The Liberty Bell
Do you know...?
The Pennsylvania Assembly ordered the bell from Whitechapel
Foundry in 1751 to commemorate the 50 year anniversary of William Penn's
1701 Charter of Privileges.
The bell arrived in Philadelphia on September 1, 1752 but
was not hung until March 10, 1753. It cracked when it was tested
Two workers named John Pass and John Stow were given the
cracked bell to melt down and recast, but nobody was pleased with the sound
of the bell, so it was recast a second time.
The name "Pennsylvania" is spelled "Pensylvania" on the bell.
Centered on the bell are the words "Pass" and "Stow", the
names of the two foundry workers who recast the cracked bell.
On July 8, 1776, the Liberty Bell rang out summoning citizens
to Independence Hall to hear the first public reading of the Declaration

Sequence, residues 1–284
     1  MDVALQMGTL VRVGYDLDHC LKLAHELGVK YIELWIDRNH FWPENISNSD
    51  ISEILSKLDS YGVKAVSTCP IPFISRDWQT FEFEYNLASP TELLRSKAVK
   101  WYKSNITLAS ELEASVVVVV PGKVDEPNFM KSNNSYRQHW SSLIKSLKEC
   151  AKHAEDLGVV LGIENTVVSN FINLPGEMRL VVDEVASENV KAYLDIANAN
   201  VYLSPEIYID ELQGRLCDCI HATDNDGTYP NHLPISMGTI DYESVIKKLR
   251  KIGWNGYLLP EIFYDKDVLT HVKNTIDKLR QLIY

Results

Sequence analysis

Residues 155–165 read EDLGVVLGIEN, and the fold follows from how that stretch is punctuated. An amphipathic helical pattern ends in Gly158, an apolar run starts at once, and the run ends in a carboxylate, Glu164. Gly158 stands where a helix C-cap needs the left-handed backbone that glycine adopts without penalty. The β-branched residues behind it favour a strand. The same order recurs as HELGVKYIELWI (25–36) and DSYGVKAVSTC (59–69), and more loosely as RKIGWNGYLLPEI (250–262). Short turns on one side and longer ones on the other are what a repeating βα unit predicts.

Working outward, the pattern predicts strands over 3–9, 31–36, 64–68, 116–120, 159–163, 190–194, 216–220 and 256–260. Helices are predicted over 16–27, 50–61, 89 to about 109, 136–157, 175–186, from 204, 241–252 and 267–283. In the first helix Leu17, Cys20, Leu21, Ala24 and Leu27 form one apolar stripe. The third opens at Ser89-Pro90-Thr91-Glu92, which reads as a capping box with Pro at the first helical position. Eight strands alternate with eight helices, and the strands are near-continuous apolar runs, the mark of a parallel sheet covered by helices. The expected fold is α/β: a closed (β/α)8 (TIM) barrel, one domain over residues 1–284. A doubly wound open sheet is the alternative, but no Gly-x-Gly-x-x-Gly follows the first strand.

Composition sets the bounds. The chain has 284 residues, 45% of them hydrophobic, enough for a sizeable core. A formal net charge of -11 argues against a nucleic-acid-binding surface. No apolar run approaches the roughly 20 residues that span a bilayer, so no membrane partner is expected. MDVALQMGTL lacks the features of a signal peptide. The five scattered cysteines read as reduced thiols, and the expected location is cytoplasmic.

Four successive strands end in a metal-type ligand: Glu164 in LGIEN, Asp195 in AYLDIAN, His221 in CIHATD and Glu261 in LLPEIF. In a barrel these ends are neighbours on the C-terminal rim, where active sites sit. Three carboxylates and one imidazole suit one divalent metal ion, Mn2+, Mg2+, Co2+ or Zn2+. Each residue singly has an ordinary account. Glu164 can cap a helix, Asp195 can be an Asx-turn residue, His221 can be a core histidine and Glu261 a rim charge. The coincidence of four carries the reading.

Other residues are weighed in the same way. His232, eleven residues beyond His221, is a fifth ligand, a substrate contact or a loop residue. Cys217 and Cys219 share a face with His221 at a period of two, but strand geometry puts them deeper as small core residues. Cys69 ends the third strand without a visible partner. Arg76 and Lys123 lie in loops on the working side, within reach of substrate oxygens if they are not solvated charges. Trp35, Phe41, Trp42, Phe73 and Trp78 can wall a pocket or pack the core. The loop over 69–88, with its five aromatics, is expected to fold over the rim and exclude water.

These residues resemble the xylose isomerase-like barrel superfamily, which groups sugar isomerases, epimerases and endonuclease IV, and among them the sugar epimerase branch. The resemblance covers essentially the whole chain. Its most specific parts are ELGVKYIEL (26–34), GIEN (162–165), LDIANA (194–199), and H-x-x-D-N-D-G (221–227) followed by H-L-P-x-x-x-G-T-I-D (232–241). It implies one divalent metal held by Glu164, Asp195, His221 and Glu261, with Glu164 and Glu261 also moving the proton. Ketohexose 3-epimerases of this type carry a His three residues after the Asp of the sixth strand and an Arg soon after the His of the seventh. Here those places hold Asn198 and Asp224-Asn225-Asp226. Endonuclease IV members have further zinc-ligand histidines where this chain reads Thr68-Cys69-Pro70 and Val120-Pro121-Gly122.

of Independence by Colonel John Nixon.
During the British occupation of Philadelphia, the Liberty
Bell was taken down and hidden in the floorboards of the Zion Reformed
Church in Allentown, Pennsylvania, so it could not be taken by the British
and melted down and used for cannon.
There is disagreement about when this crack appeared on the
Bell, but it is agreed that the final expansion of the crack, which rendered
the Bell unringable, was on Washington's birthday in 1846.
The Liberty Bell Pavilion was opened in 1976 in preparation
for the nation's bicentennial celebrations.
The cause of the break is thought to have been due to
either flaws in its casting or the fact it may have been too brittle.
Photo found: http://www.real-estate-pa.com/
Information found: http://www.ushistory.org/libertybell